Determining the Adaptability of a Resource
One of the largest benefits of open educational resources is that you can modify and remix existing OER to meet your and your students’ needs, and this practice is called adapting an OER. Not all OER are as adaptable as others, though; if you are creating new OER, you will need to make sure your resources are as adaptable as possible. If you are looking to adapt an existing OER or create a new one, keep these features in mind:
1. An Open License Allowing Derivative Works
Creative Commons licenses are the most common open licenses applied to educational resources. There are various types of Creative Commons licenses, but the ND (no derivatives) restriction should be avoided if you want to adapt a resource. An ND restriction stops users from being able to remix or modify your work. If a work has an ND restriction, you do not have permission to change anything within the resource.
2. An Adaptable File Format
Many educators release their materials as PDFs, since they are usable on nearly every desktop and mobile device. If you are creating or find a PDF made from scanned images, make sure that the text has been scanned by optical character recognition (OCR). OCR enables you to select and copy/paste text, which allows for much easier adaptability than transcribing entire passages with no copy/paste ability.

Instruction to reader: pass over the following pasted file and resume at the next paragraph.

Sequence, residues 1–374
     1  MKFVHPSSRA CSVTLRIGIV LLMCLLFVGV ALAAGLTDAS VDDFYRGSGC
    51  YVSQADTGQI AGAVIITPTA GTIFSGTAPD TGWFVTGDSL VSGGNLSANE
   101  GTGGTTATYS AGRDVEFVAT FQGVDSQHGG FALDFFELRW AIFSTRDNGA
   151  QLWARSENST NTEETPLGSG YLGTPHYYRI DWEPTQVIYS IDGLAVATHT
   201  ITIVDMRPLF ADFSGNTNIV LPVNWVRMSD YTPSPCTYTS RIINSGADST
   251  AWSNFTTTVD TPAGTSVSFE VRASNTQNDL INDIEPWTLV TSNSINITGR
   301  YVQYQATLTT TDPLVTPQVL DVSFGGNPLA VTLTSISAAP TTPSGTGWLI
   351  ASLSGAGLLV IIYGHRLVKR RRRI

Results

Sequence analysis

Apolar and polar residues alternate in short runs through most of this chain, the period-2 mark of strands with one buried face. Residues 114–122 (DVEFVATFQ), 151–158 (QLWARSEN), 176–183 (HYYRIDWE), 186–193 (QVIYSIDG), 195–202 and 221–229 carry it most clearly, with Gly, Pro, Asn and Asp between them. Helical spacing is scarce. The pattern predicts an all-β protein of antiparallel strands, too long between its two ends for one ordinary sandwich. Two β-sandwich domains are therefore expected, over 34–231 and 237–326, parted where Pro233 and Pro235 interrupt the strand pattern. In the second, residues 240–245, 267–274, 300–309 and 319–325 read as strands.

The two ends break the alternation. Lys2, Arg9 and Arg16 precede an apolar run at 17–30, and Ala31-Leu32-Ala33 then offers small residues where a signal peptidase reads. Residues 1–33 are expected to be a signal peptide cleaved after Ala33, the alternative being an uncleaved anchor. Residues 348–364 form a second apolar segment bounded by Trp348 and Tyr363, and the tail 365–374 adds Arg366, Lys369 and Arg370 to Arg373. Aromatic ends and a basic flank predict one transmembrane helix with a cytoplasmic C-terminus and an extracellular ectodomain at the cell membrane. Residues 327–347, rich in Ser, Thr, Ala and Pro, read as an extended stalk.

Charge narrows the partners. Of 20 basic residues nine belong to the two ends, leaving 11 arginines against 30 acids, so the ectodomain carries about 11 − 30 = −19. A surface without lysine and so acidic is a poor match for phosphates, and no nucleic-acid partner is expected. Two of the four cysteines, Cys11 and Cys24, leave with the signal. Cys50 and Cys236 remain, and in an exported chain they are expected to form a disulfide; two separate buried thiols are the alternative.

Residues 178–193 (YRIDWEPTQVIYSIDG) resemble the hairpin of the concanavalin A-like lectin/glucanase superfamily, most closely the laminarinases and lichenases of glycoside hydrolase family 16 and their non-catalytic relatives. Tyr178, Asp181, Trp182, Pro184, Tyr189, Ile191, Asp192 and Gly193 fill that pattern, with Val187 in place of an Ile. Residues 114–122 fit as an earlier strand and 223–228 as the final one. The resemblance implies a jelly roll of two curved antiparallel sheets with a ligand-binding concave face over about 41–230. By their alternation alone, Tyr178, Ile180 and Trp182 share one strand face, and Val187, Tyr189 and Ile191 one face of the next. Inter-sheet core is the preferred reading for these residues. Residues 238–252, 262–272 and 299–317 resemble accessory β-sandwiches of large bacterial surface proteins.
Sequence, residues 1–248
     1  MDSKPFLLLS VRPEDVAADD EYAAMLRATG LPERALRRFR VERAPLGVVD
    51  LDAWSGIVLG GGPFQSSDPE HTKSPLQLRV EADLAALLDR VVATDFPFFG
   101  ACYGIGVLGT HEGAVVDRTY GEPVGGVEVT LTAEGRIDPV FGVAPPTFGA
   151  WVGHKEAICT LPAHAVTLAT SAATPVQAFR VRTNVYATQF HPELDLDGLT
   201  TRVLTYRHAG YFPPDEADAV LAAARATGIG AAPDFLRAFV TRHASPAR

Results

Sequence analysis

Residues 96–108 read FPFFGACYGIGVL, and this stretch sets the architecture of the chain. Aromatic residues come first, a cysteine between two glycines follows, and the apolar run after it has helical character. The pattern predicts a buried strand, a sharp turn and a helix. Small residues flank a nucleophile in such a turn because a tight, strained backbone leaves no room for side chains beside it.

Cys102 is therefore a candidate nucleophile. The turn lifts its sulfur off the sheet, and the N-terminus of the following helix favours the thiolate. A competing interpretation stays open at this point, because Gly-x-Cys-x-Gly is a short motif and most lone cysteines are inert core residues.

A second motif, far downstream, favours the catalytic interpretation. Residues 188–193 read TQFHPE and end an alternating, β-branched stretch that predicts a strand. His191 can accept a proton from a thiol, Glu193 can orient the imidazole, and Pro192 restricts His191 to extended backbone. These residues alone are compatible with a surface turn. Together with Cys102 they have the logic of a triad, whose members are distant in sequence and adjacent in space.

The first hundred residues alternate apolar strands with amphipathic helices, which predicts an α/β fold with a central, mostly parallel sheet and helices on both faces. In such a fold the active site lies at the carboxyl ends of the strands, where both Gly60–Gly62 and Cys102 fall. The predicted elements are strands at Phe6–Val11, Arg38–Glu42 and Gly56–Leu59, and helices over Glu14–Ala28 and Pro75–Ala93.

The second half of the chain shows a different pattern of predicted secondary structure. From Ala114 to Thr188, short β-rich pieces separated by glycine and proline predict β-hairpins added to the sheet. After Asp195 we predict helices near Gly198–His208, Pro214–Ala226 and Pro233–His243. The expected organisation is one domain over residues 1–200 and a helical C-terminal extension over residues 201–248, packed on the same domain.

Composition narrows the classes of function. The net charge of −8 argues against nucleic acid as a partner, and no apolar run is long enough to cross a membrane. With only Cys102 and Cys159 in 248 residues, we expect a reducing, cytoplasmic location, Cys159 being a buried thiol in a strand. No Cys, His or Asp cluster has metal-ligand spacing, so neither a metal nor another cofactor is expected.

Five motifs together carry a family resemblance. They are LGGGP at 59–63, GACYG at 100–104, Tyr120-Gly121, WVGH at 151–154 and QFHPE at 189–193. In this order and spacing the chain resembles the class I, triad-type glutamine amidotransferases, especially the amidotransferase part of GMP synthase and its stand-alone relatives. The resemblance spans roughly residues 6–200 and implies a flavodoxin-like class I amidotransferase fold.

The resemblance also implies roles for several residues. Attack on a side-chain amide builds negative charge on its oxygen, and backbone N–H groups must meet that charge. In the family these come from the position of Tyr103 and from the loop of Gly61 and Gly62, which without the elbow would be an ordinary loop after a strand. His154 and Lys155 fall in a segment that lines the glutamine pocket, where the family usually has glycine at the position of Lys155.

To make a document even more modifiable, an author can provide a copy in a word processor format, such as .docx and .rtf, making the document editable straight from the file itself.
3. A Modular Format
It is far easier to modify an open educational resource that has been broken up into modules (sections) than it is to modify one gigantic OER. Generally, the more modular your content is, the easier it is to adapt. OpenStax College textbooks in Web View are separated not only by chapter, but also by subchapter, making it easy to mix and match sections for an adaptation.
If you are creating a new OER as a PDF, be sure to provide an option to download individual PDF chapters. The USG History I Open Textbook follows this format.
1. Many OER advocates argue that any work with a no derivatives restriction should not be considered as OER at all. Do you agree? Why or why not?
2. History textbooks often present their content in chronological order. Do you think that History textbooks still need to be as modular as possible? Are there any disciplines where modularity may not work?
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